My Problem with American Christmas

I don’t hate Christmas. Peace on Earth, good will to all. What’s not to love? Hell, even if it was just about celebrating Jesus’ birthday, I’d be cool with that. I mean, I’m not particularly Christian, but I am a big fan of Jesus. Just read the Sermon on the Mount. That’s the real deal, right there. If we all took its lessons and precepts to heart, the world would be a lot nicer place to live in.

But American Christmas is only nominally about all those things.

Don’t believe me? Read the lyrics to Santa Claus is Coming to Town.

You better watch out
You better not cry
Better not pout
I’m telling you why
Santa Claus is coming to town

He’s making a list
And checking it twice;
Gonna find out Who’s naughty and nice
Santa Claus is coming to town

He sees you when you’re sleeping
He knows when you’re awake
He knows if you’ve been bad or good
So be good for goodness sake!

O! You better watch out!
You better not cry
Better not pout
I’m telling you why
Santa Claus is coming to town

American Christmas is about being rewarded with material wealth in return for obedience to authority, as monitored by a ubiquitous and invisible judge who not only watches you sleep but will ding you for even expressing dissatisfaction.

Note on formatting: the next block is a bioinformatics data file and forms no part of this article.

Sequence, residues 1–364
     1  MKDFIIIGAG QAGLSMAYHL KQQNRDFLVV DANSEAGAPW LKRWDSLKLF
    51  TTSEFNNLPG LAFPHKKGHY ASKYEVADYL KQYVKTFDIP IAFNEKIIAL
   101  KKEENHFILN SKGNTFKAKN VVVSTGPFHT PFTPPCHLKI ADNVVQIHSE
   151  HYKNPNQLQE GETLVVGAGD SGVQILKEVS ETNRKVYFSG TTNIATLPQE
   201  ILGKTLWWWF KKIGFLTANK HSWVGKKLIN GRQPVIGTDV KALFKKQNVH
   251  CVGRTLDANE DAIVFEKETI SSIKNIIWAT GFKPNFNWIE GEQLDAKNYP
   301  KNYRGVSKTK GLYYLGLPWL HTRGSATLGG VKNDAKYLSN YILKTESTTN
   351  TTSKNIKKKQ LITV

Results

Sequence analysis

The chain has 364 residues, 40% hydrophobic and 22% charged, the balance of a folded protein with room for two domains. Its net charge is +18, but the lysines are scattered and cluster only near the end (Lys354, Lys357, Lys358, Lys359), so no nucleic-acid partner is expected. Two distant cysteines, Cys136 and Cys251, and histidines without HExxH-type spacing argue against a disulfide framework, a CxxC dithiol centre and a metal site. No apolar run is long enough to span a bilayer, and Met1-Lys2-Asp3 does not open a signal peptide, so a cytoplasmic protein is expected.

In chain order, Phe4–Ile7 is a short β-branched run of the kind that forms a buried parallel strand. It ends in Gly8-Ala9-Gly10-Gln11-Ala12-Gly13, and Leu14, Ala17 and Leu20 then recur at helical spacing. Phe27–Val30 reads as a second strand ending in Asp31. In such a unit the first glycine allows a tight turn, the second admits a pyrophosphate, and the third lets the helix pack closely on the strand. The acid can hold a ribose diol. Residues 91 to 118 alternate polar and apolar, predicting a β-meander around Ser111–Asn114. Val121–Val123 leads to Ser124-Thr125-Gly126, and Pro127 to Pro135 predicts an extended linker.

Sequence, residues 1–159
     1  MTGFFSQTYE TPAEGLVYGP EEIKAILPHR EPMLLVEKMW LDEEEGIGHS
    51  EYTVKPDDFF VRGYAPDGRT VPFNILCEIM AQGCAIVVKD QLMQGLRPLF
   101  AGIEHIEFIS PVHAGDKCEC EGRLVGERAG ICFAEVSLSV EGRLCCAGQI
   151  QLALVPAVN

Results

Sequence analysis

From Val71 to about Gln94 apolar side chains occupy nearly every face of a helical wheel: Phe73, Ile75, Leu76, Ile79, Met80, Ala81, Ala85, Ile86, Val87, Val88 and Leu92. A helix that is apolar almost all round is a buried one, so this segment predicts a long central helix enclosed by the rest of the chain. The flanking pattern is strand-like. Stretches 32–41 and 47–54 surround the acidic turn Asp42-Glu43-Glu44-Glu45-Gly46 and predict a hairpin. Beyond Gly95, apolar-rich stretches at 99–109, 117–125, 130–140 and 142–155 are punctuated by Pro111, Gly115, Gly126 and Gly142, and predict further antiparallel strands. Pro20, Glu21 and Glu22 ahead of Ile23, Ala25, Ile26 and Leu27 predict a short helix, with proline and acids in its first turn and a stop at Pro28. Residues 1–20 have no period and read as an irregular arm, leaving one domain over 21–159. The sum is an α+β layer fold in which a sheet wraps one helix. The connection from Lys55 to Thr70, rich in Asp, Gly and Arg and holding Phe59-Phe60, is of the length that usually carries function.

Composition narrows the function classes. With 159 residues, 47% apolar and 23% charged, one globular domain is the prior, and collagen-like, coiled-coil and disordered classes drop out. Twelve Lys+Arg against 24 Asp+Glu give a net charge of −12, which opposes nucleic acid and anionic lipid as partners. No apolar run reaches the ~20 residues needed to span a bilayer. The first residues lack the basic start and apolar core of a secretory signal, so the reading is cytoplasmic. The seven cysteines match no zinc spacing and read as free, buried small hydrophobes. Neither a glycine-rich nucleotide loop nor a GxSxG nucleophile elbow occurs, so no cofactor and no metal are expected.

Do what you’re told, with a smile on your face, and you will get stuff.

Now, I’m no theologian, but that sounds about as far from the Gospels as a thing could be.

And don’t even get me started on Rudolph the Red-Nosed Reindeer.

Santa Claus and the American Dream

I thought of this the other day, but I didn’t want to harsh anyone’s mellow this holiday season, since there are lots of folks I know who genuinely love the holidays, especially Christmas, and I respect that.

But it occurred to me how the mythology surrounding Christmas, at least the American conception of it, kind of encapsulates us as a nation in a less-than-entirely flattering way.

Think about it. The Christmas myth is, essentially, that if you behave yourself and do as you’re told by authority while being surreptitiously surveilled by an invisible judge given to binary distinctions (you’re either on the nice list, or the naughty list), you’ll be rewarded with material goods. If you don’t behave, bam! Coal in your stocking (which does at least beat having Krampus). Or fewer presents. Or none.

The worst thing is that the kids who actually receive this punishment aren’t necessarily misbehavers: they’re just poor. The mythology connects material prosperity with virtue and obedience to authority. I don’t mean to take too jaundiced a view of the whole thing, but it’s a hell of a thing to teach little kids, never mind that it sets them up for the inevitable disappointment of learning that Santa Claus is actually just their parents, and that the volume of material love under the Christmas tree has more to do with their parents’ wealth than anyone’s virtue or behavior.

Every year there’s noise made about a War on Christmas, and as far as I can tell, the folks making the noise think the war is on the Christ part. Maybe for some folks it is. For my own part, I’m pretty down with JC. But if we wanted to declare war on the crass materialism that we’ve come to celebrate alongside his birthday party, I’d be inclined to join up.